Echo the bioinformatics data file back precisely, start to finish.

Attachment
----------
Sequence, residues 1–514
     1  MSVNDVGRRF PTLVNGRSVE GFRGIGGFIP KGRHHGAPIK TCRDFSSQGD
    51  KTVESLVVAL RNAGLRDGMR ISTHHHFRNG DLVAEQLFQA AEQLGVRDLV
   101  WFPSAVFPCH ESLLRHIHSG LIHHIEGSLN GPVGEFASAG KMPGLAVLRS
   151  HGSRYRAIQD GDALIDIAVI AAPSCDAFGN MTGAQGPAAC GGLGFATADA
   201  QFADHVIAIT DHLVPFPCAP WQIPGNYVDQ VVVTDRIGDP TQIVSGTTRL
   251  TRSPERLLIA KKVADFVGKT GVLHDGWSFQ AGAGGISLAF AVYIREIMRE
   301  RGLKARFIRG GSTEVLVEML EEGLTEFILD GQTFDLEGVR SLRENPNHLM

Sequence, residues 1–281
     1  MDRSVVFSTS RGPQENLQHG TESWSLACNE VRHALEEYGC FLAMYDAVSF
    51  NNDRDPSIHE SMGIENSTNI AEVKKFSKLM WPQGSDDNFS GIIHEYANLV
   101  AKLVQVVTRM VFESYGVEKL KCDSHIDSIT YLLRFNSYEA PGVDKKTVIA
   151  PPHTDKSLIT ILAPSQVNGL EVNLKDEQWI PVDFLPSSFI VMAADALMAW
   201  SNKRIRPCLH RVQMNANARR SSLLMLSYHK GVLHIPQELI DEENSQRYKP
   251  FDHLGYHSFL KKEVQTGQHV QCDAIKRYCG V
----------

Sequence, residues 1–514
     1  MSVNDVGRRF PTLVNGRSVE GFRGIGGFIP KGRHHGAPIK TCRDFSSQGD
    51  KTVESLVVAL RNAGLRDGMR ISTHHHFRNG DLVAEQLFQA AEQLGVRDLV
   101  WFPSAVFPCH ESLLRHIHSG LIHHIEGSLN GPVGEFASAG KMPGLAVLRS
   151  HGSRYRAIQD GDALIDIAVI AAPSCDAFGN MTGAQGPAAC GGLGFATADA
   201  QFADHVIAIT DHLVPFPCAP WQIPGNYVDQ VVVTDRIGDP TQIVSGTTRL
   251  TRSPERLLIA KKVADFVGKT GVLHDGWSFQ AGAGGISLAF AVYIREIMRE
   301  RGLKARFIRG GSTEVLVEML EEGLTEFILD GQTFDLEGVR SLRENPNHLM

Sequence, residues 1–281
     1  MDRSVVFSTS RGPQENLQHG TESWSLACNE VRHALEEYGC FLAMYDAVSF
    51  NNDRDPSIHE SMGIENSTNI AEVKKFSKLM WPQGSDDNFS GIIHEYANLV
   101  AKLVQVVTRM VFESYGVEKL KCDSHIDSIT YLLRFNSYEA PGVDKKTVIA
   151  PPHTDKSLIT ILAPSQVNGL EVNLKDEQWI PVDFLPSSFI VMAADALMAW
   201  SNKRIRPCLH RVQMNANARR SSLLMLSYHK GVLHIPQELI DEENSQRYKP
   251  FDHLGYHSFL KKEVQTGQHV QCDAIKRYCG V